Tadashige Daigo

Tadashige Daigo
Tadashige Daigo
Daigo Tadashige.jpg

Vice Admiral Daigo Tadashige
Born October 15, 1891
Tokyo, Japan
Died December 6, 1947(1947-12-06) (aged 56)[1]
Pontianak, Borneo, Dutch East Indies
Allegiance Empire of Japan
Service/branch  Imperial Japanese Navy
Years of service 1912-1947
Rank Vice Admiral
Commands held IJN 6th Fleet
Battles/wars World War II
oInvasion of Sarawak
oBattle of Midway

Marquis Tadashige Daigo (醍醐 忠重 Daigo Tadashige?, 15 October 1891 – 6 December 1947) was an admiral in the Imperial Japanese Navy during World War II.



Born in Chiyoda, Tokyo into a kuge family of court nobility related to the Fujiwara aristocracy, Daigo was a graduate of the Gakushuin Peers' school. He went on to graduate from the 40th class of the Imperial Japanese Naval Academy in 1912. His rank on entering was only 126th out of 150 cadets, but he improved his scores, so that he graduated at 17th out of 144.[2]

Daigo served as a midshipman on the cruiser Azuma and battleship Shikishima. As an ensign, he was assigned to the cruiser Tokiwa.

After his promotion to sub-lieutenant in 1913, he took time out to attend a session of the House of Peers as was obligatory for members of his social class. He then returned to active service on the battleship Kongō and destroyer Urakaze.

Daigo was promoted to lieutenant in 1918, and after taking courses in torpedo warfare, was assigned to submarines, serving on lieutenant commander in 1924, he was captain of rear admiral on 15 November 1940.

Daigo commanded Submarine Squadron 5 (Subron 5), with hisa flag on the light cruiser Yura at the start of the Pacific War. At the time of the attack on Pearl Harbor, Subron 5 was covering the first wave of the Malaya Invasion Force south of the Cape of Camau, French Indochina.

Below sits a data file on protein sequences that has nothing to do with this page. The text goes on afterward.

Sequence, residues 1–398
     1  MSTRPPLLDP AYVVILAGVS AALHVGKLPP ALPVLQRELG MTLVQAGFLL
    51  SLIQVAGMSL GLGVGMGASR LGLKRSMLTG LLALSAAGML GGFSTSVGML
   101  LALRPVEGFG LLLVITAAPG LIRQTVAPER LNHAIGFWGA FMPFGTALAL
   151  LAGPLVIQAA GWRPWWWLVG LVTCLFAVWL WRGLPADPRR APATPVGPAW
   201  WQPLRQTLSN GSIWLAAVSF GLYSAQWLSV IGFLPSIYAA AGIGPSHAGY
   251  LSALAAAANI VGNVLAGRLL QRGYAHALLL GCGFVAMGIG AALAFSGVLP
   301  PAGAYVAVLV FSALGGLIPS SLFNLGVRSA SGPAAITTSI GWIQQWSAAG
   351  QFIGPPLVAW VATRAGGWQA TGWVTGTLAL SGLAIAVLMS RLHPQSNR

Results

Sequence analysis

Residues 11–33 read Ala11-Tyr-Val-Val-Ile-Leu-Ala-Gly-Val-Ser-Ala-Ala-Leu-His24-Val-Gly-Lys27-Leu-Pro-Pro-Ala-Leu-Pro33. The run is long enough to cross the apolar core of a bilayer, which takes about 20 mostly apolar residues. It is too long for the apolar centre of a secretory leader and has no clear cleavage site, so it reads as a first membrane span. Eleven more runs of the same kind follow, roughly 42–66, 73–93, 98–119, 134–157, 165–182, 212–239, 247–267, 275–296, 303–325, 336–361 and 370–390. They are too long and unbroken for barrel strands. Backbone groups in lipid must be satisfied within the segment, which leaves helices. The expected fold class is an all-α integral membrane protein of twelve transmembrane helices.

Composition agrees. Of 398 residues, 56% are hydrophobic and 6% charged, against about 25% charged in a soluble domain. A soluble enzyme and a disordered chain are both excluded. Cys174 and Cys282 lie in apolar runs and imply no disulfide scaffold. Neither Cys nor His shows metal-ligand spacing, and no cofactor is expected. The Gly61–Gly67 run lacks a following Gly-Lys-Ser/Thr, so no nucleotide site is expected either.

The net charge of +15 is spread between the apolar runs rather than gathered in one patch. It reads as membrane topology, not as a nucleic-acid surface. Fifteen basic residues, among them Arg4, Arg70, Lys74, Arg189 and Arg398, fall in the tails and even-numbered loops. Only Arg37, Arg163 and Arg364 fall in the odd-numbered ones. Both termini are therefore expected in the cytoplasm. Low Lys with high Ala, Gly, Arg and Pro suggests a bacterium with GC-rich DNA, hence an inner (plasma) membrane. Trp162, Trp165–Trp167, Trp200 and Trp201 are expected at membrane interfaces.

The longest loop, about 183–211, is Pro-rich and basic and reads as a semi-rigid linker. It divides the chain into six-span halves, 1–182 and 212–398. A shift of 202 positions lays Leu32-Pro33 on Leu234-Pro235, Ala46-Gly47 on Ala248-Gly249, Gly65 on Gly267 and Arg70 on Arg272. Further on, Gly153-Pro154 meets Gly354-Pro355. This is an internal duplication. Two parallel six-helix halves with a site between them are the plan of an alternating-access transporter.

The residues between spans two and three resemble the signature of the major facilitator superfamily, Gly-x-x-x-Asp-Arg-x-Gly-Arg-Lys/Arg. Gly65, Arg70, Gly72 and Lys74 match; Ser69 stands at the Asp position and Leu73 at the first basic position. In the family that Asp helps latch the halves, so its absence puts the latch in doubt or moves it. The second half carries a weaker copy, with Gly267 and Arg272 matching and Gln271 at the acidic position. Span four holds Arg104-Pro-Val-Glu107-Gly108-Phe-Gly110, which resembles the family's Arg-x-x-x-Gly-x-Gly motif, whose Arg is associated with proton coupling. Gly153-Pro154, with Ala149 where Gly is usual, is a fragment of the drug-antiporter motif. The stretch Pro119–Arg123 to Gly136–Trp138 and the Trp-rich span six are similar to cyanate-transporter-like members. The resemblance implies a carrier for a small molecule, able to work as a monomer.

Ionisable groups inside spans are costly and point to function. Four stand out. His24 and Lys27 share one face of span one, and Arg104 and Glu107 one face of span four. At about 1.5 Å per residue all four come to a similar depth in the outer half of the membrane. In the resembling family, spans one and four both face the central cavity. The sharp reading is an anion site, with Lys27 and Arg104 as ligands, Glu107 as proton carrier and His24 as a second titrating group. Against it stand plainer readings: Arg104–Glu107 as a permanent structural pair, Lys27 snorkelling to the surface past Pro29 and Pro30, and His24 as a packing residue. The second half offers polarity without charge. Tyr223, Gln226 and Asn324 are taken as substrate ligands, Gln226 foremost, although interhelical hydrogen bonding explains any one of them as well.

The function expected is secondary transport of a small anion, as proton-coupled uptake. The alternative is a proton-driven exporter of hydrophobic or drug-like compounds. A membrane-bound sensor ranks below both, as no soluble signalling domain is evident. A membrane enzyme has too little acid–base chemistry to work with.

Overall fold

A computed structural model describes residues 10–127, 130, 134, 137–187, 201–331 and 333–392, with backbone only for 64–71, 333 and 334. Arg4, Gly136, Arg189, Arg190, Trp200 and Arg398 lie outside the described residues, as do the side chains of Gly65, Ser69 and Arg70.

On 9 December 1941, Subron 5 was ordered to pursue and sink the Royal Navy Force Z (battleship HMS Prince of Wales, battlecruiser Repulse and supporting destroyers). Although Yura received word from torpedo bombers of the 22nd Air Flotilla from bases in Indochina before Yura and her submarines could take action.

Subron 5 was then assigned to the invasion of Sarawak from 13–26 December, covering landings in Brunei, Miri, Seria, and Kuching. The 2,500 men of the "Kawaguchi Detachment" and the No. 2 Yokosuka Special Naval Landing Force (SNLF) quickly captured Miri's airfield and oil fields. The operation was completed, and Yura returned to its base at Camranh Bay, Indochina by the end of the year.

Subron 5 was also part of the advance screening force for the Battle of Midway.

Daigo became vice admiral on 1 November 1943. He was assigned command of the Eastern Attack Group which carried out midget submarine and merchant shipping attacks on the east coast of Australia.[3]

Vice Admiral Tadashige Daigo, seated in uniform, with members of his staff and kaiten pilots (with bandanas) of I-36

Daigo was Commandant of the Naval Submarine School from 23 August 1944 and final Commander in Chief of the IJN 6th Fleet from 1 May 1945. During these assignments, he was involved in the kaiten human-torpedo program.